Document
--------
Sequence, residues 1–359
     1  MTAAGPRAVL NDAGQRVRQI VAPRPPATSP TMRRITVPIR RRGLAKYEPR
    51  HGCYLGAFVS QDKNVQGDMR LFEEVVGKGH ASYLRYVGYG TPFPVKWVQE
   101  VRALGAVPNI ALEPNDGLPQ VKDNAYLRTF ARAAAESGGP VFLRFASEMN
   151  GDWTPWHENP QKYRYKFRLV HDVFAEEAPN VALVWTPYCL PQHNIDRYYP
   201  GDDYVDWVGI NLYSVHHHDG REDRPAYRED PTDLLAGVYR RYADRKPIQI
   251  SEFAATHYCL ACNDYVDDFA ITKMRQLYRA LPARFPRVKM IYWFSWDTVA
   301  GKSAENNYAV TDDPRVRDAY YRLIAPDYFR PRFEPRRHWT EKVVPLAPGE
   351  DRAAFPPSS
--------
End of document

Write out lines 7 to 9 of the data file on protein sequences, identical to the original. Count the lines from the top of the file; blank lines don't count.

   251  SEFAATHYCL ACNDYVDDFA ITKMRQLYRA LPARFPRVKM IYWFSWDTVA
   301  GKSAENNYAV TDDPRVRDAY YRLIAPDYFR PRFEPRRHWT EKVVPLAPGE
   351  DRAAFPPSS